To clarify his step-wise program composition, Dijkstra used terms like “program layers” and “levels of abstraction” in his `Notes on Structured Programming' [1, Chapter 1]. These terms were not well defined as Dijkstra conceded later. As a result, Dijkstra's exposition — although extremely rich in content — was difficult to understand completely. See e.g. Denning's clarifying article on Structured Programming  or my interview with Liskov who mentions Parnas in this regard .
In my previous post I re-introduced some of Dijkstra's descriptions of his prime-number example. The first two, Description 0 and Description 1, are presented again below.
begin “print first thousand prime numbers” end
begin variable “table p”;
“fill table p with first thousand prime numbers”;
“print table p” end
Dijkstra used several terms to denote the same thing. The word “description”, for instance, was used as a synonym for “program layer”. Description 0 is thus Program Layer 0 and Description 1 is Program Layer 1.
Each line below is a list of synonyms:
- “refinements” — “decompositions”
- “description” — “program layer” — “level of abstraction”
- “abstract program” — “virtual machine”
Only the very last description obtained by step-wise composition corresponds to the final executable program. All other descriptions, such as Description 0 and Description 1, are abstract programs. Hence, for these abstract cases, the following terms can be used as synonyms as well:
- “description” — “program layer” — “level of abstraction” — “abstract program” — “virtual machine”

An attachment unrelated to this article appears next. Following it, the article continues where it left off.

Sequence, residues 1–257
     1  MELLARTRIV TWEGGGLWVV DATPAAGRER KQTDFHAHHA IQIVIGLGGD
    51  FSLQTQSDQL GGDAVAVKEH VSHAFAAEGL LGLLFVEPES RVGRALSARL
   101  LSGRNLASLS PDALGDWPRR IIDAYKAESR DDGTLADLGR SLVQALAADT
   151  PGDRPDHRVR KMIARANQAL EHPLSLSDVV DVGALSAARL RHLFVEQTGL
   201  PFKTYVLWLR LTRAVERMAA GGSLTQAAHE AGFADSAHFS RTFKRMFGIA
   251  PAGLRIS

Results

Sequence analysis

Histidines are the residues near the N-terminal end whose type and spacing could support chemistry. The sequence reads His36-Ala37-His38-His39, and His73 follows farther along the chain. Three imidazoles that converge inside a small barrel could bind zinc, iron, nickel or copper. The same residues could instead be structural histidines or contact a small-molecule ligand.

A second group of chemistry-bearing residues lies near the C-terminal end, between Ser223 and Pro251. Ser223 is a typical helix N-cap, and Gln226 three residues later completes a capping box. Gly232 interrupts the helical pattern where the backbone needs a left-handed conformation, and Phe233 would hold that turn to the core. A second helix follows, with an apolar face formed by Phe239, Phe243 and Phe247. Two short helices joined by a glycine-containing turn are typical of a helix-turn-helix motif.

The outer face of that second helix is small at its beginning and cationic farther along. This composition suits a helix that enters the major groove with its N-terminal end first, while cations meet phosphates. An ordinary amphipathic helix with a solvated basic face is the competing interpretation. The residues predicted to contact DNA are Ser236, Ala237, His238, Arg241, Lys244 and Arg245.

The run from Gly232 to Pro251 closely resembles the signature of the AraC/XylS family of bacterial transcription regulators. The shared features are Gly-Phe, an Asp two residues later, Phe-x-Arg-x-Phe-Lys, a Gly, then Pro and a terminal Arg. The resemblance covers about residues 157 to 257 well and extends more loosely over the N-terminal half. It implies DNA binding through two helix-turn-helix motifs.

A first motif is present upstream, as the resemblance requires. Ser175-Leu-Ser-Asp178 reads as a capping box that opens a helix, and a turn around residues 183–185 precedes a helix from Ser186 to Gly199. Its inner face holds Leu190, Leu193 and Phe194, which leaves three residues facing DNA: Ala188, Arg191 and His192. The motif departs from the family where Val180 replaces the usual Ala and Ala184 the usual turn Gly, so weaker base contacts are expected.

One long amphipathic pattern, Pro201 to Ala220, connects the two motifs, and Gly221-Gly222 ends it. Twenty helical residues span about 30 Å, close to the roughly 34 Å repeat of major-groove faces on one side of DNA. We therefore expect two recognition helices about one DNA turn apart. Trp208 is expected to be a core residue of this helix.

Dijkstra also distinguished a more concrete program from an abstract program by means of the words “children” and “ancestor”. The latter word occurs in the following passage:
when a program has been built up to an intermediate stage of refinement, what has then been written down is in fact a suitable “common ancestor” for all possible programs produced by further refinements. [1,p.40]
More interesting is Dijkstra's usage of the words “program layer” in the following quote:
If we succeed in building up our program along the lines just given, we have arranged our program in layers. Each program layer is to be understood all by itself, under the assumption of a suitable machine to execute it, while the function of each layer is to simulate the machine that is assumed to be available on the level immediately above it. [1,p.49]
The resemblance with Dijkstra's THE system is apparent because THE is essentially a layered system of abstract machines. Note, however, that the layers constituting the THE system are part of the end product, while the program layers in a step-wise program composition do not constitute the final program. In a step-wise program composition, only the very last program layer is expressed in executable code and it is the final program.
Having said that, I hasten to remark that the complete step-wise program composition is reflected in the final program structure. That is, the series of decision choices that the programmer makes is reflected in the structure of his final executable program. Description 1, presented above, already resembles much of the structure of the final description; that is, of the final executable program. Description 2, presented in my previous post, resembles more structure of the final description. Description 3 is even closer to the final executable program, and so on.